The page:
The road continued to be narrow and full of hairpin bends. We saw lots of dirt, rocks and cows. The actual road was really worse than some of those seen on the TV program where American truck drivers travel on dangerous roads in northern India. We soon had to get used to this as it is common all over Bhutan. We drove through the Pele La Pass which is some 3420 metres above sea level. This pass in the Black Mountains is considered the dividing point between western and central Bhutan. There were thousands of prayer flags there. Just as well as we had to hide behind them to do wees in the bushes. As we drove down from this height we heard our plastic water bottles shrink and crackle. We looked at them and they had changed shape. Snaking our way through valleys, we arrived at our accommodation just before dark.

 

The power-less Chendebji Resort Chendebji Resort

Chendebji Resort in the dark

When we arrived at the hotel we were told they had been without power in that valley for two weeks. Something at the power station had broken down and the part had to be ordered in from India.

We were invited in to the restaurant for a cuppa and some biscuits. A fire was burning in the centre of the restaurant so that took the chill off the air and candles were ready to be lit on the tables. After our refreshments we were shown to our rooms.

We had two twin rooms right next to each other. A solitary candle was lit on a little saucer on a table in the centre of each room. We were terrified the candles would fall over and set the place alight – after all the construction was 100% timber. Our rooms were no more than small very basic timber cabins.

Little wooden cabin at hotel Chendebji Tiny cabins with short beds

Even with the candles burning it was quite dark in our cabins. We managed to drag our bags over near the candles so we had enough light (just) to undo the padlocks on each bag. We each rummaged around in our baggage until we located our little head lamps. We turned them on, attached them to our heads and Voila! We could see again. It was Ian’s idea to purchase those head lamps several months earlier and we were so pleased he had thought of the idea.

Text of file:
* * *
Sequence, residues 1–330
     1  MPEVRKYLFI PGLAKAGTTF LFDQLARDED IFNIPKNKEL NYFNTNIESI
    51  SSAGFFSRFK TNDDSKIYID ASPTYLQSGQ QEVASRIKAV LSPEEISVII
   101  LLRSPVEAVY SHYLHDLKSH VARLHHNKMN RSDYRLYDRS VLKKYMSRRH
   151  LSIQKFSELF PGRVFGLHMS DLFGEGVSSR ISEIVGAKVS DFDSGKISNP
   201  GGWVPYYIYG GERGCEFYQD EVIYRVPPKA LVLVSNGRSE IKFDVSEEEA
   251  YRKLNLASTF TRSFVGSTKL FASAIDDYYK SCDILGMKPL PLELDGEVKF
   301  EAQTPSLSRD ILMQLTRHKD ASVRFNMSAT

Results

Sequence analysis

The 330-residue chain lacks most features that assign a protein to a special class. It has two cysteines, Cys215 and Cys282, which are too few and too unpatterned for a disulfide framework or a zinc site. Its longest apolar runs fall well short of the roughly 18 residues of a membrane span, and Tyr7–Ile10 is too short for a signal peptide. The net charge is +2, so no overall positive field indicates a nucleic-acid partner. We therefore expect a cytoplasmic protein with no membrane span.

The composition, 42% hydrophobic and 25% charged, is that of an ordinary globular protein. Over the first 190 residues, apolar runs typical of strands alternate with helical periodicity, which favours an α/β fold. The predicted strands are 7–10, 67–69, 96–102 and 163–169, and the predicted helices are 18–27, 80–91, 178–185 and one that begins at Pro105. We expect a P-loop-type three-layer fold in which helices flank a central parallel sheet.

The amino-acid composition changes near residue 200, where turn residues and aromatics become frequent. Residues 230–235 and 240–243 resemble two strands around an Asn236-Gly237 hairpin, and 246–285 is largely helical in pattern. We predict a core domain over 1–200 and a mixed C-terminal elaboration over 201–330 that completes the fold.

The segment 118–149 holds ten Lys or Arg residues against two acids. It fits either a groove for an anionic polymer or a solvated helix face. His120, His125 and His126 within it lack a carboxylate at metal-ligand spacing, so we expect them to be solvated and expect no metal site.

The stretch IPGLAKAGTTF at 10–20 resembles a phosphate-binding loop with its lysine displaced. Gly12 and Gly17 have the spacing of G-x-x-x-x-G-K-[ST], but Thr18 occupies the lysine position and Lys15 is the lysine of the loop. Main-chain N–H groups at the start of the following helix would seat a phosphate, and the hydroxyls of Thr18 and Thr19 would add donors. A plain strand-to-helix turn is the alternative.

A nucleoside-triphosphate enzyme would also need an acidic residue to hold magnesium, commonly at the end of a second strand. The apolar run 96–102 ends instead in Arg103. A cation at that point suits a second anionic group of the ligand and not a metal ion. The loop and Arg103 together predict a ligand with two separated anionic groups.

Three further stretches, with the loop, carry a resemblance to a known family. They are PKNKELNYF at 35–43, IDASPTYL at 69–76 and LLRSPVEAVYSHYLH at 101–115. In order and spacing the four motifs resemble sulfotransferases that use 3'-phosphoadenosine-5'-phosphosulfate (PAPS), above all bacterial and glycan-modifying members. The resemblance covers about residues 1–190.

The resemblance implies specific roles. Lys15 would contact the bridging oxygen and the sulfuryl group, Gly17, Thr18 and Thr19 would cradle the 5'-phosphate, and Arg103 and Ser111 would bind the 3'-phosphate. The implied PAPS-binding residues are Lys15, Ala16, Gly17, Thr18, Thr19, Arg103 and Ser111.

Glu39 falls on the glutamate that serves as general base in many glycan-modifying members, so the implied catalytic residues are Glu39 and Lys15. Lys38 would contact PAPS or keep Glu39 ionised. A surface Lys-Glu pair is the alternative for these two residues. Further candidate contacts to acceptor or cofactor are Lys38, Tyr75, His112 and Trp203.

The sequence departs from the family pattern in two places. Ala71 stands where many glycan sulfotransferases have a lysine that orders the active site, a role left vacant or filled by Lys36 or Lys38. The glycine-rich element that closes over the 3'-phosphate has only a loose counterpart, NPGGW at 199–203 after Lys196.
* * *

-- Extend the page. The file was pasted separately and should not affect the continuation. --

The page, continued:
We found we had a very basic en-suite. We had a functioning toilet, a crumbling old bath and a little sink. Because of the power situation there was no hot water. From the bedroom to the toilet was a step up. The doorway was very low. Both Jeremy and I managed to whack our heads going into our bathrooms.  So, there were no showers that night. We particularly wanted a good shower as we had been so hot during the day and we were all covered in dust. So be it! We had to wipe ourselves down with Wet Ones that night.

 

Dinner at Hotel Chendebji

After we had settled in we ventured back down the steps of our cabin, complete with our head lamps in good working order. We only had to cross the little stone courtyard and we were in the restaurant. No one tripped over. Despite having no electricity the restaurant served us a wonderful meal. It was fun eating by the light of candles and head lamps. I think we were the only ones staying at the hotel.


The hotel is in a very quiet location in this beautiful and steep valley. It has a river on one side and a quiet and winding road on the other. The beds were wider than the average single bed but a little shorter. We should have an excellent night’s sleep, we thought! 

 

Next page - We travel to Trongsa